Over the last two seasons, Freitas has slashed .218/.271/.318 in 123 major league plate appearances. He took to the atmosphere at Cheney Stadium quite well last season, slashing .349/.428/.527 in 167 plate appearances. The difference can be explained by a nearly 3 point difference in walk percentage (10.2% in AAA vs. 7.5% in MLB) and 7.4 % difference in K% (16.2 in AAA vs. 23.6 in MLB). The BABIP gods not only smiled upon him, but doused him in BABIP holy water, bestowing a number of .409 at Cheney Stadium. They must have gotten stuck in traffic on the way north to Seattle though because his .284 BABIP at Safeco is a bit closer to a normal number (it’s actually a tad lower than the average of .296). His 2018 Triple-A wRC+ of 153 is the second highest of his professional career, after a startling 197 wRC+ in 8 games with the Orioles Triple-A affiliate in 2014.
Freitas bounced between Tacoma and Seattle last season, and given his limited MLB plate appearances it’s safe to say he hasn’t had a chance to settle in to big league pitching. His longest stint with the Mariners was at the beginning of the season while Mike Zunino was out with an oblique injury. He appeared in 19 games between March 30th and May 27th in which he slashed .217/.321/.304. (Fun fact: In his second stint with the Mariners over 15 plate appearances he slashed .214/.214/.214. Not good, but a fun piece of trivia if you’re into that sort of thing.)
It’s important to note that Freitas is solidly a backup catcher. After 9 years chasing his major league dream, he’s not going to suddenly swing a starting-worthy bat. However, a few things make me think that he can be a serviceable backup bat. His historical BB% has fluctuated, but last season’s 7.5% is just about the lowest it’s been in his career. Likewise, his 23.6 K% in the major leagues is higher than any of his minor league seasons (it’s typically been under 20%). He’s had 123 plate appearances in the major leagues, and I’d guess with more chances at major league pitching he can make some adjustments and bring his walks and strikeouts closer to his historical numbers. He turns 30 during Spring Training, so whatever adjustments he’s able to make may be mitigated a bit by that old jerk Father Time.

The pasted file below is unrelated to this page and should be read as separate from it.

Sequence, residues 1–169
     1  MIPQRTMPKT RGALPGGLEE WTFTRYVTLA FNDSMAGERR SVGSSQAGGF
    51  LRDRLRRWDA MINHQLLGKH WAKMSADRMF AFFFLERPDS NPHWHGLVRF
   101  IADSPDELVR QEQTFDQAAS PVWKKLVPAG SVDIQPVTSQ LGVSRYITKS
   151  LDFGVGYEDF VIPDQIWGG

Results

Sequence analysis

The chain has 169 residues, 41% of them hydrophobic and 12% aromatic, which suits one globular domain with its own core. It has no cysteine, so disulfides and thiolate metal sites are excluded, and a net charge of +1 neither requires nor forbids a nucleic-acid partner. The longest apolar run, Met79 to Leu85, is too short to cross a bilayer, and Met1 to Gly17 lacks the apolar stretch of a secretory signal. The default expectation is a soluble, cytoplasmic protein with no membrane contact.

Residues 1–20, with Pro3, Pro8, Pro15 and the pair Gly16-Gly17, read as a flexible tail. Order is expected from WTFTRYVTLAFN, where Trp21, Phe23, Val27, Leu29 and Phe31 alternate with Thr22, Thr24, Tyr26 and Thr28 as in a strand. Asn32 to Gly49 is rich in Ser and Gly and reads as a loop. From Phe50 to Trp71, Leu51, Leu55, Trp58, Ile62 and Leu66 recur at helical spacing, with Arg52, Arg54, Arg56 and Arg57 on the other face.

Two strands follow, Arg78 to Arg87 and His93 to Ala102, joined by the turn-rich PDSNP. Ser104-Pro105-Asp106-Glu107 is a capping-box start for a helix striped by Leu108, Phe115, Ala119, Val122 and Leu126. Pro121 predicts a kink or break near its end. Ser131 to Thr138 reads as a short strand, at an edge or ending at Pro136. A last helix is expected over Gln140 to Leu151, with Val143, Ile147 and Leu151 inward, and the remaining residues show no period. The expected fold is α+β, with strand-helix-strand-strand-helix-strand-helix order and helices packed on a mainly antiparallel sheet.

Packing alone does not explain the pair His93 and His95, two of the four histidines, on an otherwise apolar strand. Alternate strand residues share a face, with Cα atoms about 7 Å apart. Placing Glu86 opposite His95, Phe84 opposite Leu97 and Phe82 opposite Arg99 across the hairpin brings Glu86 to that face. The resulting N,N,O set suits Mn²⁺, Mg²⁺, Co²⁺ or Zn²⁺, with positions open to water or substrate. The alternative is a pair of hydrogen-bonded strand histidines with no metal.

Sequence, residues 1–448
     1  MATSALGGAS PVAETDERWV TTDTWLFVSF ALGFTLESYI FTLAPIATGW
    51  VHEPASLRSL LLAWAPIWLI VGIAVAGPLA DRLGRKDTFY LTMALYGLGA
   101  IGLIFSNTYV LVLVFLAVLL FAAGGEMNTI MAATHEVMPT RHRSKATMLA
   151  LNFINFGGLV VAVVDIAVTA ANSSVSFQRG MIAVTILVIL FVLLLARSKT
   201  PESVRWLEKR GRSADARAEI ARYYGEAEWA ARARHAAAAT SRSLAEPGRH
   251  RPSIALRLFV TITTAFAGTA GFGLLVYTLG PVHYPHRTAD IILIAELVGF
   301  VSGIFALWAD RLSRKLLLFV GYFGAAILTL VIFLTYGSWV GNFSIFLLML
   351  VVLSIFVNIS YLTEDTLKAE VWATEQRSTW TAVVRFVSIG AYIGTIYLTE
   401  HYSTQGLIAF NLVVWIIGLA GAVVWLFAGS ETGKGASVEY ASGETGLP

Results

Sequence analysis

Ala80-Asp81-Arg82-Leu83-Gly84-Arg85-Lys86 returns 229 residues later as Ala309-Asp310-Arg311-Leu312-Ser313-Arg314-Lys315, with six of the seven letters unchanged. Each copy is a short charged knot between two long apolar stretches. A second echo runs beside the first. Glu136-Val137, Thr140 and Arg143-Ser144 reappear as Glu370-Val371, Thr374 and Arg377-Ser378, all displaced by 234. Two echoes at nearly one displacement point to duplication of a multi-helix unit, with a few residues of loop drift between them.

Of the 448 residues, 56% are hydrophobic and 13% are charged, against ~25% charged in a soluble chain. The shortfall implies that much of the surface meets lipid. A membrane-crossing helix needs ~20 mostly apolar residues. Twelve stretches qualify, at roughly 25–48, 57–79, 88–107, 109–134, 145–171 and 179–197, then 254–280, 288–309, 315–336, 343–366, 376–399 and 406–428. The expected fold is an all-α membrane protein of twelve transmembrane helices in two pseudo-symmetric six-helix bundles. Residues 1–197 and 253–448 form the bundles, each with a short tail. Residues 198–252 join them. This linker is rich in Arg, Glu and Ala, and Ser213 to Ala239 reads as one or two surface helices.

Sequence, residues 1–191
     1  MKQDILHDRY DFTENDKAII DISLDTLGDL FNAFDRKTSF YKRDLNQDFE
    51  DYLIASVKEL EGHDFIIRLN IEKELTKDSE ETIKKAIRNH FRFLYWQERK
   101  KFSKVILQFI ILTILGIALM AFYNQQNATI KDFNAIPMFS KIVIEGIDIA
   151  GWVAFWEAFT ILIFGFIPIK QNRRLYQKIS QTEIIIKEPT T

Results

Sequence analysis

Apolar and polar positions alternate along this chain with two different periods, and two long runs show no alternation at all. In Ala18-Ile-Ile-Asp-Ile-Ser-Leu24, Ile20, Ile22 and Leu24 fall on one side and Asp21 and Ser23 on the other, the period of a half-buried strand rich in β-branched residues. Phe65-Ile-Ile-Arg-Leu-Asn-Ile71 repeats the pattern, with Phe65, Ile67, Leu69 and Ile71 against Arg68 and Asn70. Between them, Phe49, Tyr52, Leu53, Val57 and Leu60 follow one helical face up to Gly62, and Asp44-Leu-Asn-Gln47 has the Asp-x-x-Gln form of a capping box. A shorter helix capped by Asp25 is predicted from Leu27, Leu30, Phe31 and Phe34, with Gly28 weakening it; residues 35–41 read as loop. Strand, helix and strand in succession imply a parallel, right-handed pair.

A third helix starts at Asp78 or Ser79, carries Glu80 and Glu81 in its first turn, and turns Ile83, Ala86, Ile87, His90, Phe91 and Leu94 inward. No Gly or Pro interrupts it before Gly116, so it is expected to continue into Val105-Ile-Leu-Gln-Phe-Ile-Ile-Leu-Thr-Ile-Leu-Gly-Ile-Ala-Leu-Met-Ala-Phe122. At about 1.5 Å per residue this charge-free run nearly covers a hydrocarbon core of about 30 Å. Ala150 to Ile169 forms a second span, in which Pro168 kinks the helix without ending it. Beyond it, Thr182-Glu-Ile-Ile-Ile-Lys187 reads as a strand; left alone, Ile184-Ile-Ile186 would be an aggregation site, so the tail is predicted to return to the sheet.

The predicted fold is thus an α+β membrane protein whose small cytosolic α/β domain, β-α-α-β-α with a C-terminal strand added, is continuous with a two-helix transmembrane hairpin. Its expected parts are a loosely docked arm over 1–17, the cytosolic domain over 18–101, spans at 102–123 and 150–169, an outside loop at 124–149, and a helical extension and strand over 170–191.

Freitas just exceeded his rookie limits during the 2018 season. He is not arbitration eligible until 2021 and won’t become a free agent until 2025. This is great news for the Mariners if they want to hang on to a backup catcher for a few years and not worry about that position. There’s little doubt Freitas will stick around. He told the Elk Grove Citizen in 2016, “I think I’ll play until I can’t. I think that the way my career has been I’ll catch as long as I can, but when I’m done catching I’m going to try to be a first baseman.” (Freitas played first base for the Mariners for 2 innings last season.)
The Mariners have signed veteran catcher Jose Lobaton to a minor league deal. They are likely looking around for another catcher to add to the 40-man roster as the catching situation is a little less stable than it was last year with the presence of Mike Zunino. The Mariners burned one of Freitas’s option years last season, but he should still have two minor-league options left, giving the team the flexibility to move him between Seattle and Tacoma.
I’d like to think that Seattle is where Freitas finds baseball stability after his years of wandering. When that “rebuilding” word gets thrown around, fans start bracing themselves for an ugly baseball season. But if you’re reading this, you’ll probably watch anyway. Because you love watching baseball. And if you’re looking for a sentimental favorite, I recommend Freitas, a guy who is full of love for his family and his job, who is a little silly but also has some sick dance moves, who will show up and do his job with the same cheerful industry he’s had since his first year in pro ball.
2019 may not be as bad as we worried it would be when the rebuilding word was introduced. Among the intrigues of the season, I’ll be rooting for a journeyman catcher to find his major league bat and be as okay of a hitter as you could reasonably expect. There’s a wonderful sort of baseball romance in that. It isn’t hard to root for a guy who loves to play baseball as much as David Freitas.